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'Fargo' is getting colder and colder

'Did You Do This? No, You Did It!' is one of the harshest episodes to weather this season


/ Courtesy of FX The Spectrum

Network: FX

Show: Fargo

Rating: A-

Mike Milligan (Bokeem Woodbine) acts as a sort of a barometer for “Fargo.”His demeanor reflects the mood of the show. Earlier this season, he exuded a certain pep with his smooth, smack talk with Lou Solverson (Patrick Wilson) and company – mirroring the series’ high energy.

But as winter sets in, Milligan is noticeably more somber. He’s quoting Louis XVI and Martin Luther King, staring at himself in the mirror with the faint shadow of what was once a menacing smirk and just when you think he’s about to give into his fate, he shoots his fate square in the face.

The introduction and then immediate death of the Undertaker is brilliant. His name inspires fear. His introduction of walking down the hall ominously builds the suspense. Then Milligan comes out of his room, walks briskly up to the man and kills him.

It is one of the top scenes of the season and one that darkly contrasts the apparent killing of Simone Gerhardt (Rachel Keller).

Simone’s walk in to the woods is probably the best bit of cinematography all season. The show has used overhead tracking shots through the forest before but not as effectively as they do here. They’re beautifully sad scenes as Simone walks to a then-uncertain but increasingly apparent fate.

If there’s one criticism of this season, it’s that “Fargo”will build up to a death scene only to have something intervene or someone change his or her mind. It’s a clever way to keep the audience interested without any real consequences – but after a while, the audience will catch on.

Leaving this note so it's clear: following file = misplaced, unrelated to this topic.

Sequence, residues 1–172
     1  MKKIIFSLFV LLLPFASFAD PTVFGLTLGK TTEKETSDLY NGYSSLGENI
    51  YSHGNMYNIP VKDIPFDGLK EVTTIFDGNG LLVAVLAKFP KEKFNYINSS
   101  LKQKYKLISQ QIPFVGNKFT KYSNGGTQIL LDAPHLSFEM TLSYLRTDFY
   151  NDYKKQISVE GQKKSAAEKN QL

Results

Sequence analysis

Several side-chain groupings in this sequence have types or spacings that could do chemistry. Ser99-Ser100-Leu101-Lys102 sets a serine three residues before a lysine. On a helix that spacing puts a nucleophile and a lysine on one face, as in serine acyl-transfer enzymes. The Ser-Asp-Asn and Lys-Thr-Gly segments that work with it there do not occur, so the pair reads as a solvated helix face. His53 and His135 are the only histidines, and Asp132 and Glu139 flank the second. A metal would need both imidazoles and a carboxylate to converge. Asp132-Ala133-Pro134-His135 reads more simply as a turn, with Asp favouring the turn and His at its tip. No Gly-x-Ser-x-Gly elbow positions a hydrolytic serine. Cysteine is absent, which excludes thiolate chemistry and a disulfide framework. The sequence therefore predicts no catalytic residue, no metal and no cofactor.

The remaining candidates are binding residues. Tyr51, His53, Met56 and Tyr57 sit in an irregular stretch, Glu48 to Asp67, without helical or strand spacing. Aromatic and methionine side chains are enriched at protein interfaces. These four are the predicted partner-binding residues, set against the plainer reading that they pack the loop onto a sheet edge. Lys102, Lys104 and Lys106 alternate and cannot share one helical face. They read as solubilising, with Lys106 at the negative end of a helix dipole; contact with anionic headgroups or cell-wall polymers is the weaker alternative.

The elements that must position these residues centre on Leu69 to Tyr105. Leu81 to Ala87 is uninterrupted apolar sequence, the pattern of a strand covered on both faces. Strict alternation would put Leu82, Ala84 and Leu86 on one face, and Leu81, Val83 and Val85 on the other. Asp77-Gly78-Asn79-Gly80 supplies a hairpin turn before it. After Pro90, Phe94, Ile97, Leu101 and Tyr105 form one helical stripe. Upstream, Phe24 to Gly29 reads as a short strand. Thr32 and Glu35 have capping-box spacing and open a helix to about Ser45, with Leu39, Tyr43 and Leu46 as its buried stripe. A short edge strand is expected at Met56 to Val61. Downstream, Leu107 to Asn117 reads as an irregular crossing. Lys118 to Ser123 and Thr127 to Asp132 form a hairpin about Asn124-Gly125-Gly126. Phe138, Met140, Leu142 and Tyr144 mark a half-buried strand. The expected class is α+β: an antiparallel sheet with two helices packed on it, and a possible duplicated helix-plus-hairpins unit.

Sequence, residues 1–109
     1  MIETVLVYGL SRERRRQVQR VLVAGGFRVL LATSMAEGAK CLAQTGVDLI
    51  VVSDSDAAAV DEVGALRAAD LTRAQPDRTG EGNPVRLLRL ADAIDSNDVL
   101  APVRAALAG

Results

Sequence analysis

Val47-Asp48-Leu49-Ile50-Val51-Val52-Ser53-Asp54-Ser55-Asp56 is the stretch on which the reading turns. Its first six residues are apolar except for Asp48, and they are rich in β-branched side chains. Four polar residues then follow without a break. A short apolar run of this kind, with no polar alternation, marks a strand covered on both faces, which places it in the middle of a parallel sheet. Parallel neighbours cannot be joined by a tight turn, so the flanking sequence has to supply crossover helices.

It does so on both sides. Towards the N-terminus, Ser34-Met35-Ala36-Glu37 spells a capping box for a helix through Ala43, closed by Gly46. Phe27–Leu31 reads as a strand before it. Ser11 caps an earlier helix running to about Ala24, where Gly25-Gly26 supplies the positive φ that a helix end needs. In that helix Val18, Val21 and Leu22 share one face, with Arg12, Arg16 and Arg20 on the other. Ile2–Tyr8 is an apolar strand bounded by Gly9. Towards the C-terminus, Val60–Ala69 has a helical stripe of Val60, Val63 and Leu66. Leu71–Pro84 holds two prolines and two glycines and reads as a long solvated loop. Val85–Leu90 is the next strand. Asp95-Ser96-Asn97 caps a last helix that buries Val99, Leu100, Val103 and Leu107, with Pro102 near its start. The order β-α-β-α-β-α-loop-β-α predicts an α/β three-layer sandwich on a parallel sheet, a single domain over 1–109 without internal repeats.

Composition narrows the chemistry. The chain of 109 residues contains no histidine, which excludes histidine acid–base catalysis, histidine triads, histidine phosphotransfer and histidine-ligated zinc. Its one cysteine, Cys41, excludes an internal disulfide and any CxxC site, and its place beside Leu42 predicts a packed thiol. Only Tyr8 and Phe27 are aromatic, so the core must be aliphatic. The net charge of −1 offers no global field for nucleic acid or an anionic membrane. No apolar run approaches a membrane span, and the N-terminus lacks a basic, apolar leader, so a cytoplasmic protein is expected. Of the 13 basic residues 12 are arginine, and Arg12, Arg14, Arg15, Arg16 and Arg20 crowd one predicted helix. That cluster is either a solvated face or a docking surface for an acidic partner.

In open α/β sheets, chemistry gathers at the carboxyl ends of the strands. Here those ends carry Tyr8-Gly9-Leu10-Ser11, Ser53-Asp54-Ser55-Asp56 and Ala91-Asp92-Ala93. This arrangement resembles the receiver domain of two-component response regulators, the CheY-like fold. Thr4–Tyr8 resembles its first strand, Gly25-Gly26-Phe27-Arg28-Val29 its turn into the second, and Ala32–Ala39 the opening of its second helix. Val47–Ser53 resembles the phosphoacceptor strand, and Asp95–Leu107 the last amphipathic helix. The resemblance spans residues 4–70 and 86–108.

In Simone’s death scene – which is unconfirmed but would be a real disappointment if “Fargo”decided to bring her back from this – Bear Gerhardt (Angus Sampson) lowers his gun for a moment while Simone begs for her life. It’s a moment where you may think back to all the times the gun was metaphorically lowered and characters escaped death. But then Bear aims his gun right back at her.

It’s daring to take Simone out of the picture but it makes perfect sense from Bear’s perspective. He is fiercely loyal to his family, which makes killing Simone and ignoring his brother’s disappearance seem out of character.

But these are two members of the family that have brought grief and chaos to the Gerhardts. Dodd’s methodical recklessness brought on war with the Kansas City gang and Simone’s immature rebellions led to the death of the family patriarch.

For those who love seeing the Gerhardts undermined by their own, worry not. It appears Dodd Gerhardt (Jeffery Donovan) is coming back. It’ll be interesting to see how Mike Milligan, who is growing more and more violent with each episode, treats Dodd, his Gerhardt counterpart.

Meanwhile in the Solverson’s home, Karl Weathers (Nick Offerman) shares a touchingly sad moment with Betsy Solverson (Cristin Milioti). It’s strange to see Karl Weathers in an emotional scene – just as last week’s episode was strange to see Karl Weathers playing an important role at all. But that’s just the versatility of Nick Offerman as an actor. He manages to play the same hardy, gruff, man’s-man character while still fulfilling different roles.

As Betsy Solverson’s fate becomes increasingly clear to her and the audience, it’s sad to see the other characters, whether it Karl, Hank or Lou struggles to accept the fact.

Hank Larsson (Ted Danson) is obsessed with strange symbols. It’s a strange choice to include that in his character but “Fargo”has three episodes left to explain the strange aliens subplot and how exactly Hank got mixed up in this.

All the while, Noreen is still reading Albert Camus – and yet no one except Betsy seems to accept the inevitability of death.

Dan McKeon is a contributing writer and can be reached at arts@ubspectrum.com.


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